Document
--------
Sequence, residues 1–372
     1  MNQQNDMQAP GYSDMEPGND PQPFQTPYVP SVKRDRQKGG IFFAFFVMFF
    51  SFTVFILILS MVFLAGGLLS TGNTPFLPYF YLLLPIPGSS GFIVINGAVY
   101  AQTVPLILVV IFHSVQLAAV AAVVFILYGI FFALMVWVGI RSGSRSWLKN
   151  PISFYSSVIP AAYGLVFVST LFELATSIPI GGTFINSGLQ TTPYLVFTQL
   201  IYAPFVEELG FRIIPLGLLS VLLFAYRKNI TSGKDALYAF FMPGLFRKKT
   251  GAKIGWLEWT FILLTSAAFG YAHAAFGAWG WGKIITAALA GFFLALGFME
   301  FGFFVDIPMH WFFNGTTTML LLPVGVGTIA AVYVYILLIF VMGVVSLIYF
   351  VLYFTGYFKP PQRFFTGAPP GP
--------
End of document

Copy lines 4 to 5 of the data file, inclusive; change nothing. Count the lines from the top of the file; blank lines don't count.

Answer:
   101  AQTVPLILVV IFHSVQLAAV AAVVFILYGI FFALMVWVGI RSGSRSWLKN
   151  PISFYSSVIP AAYGLVFVST LFELATSIPI GGTFINSGLQ TTPYLVFTQL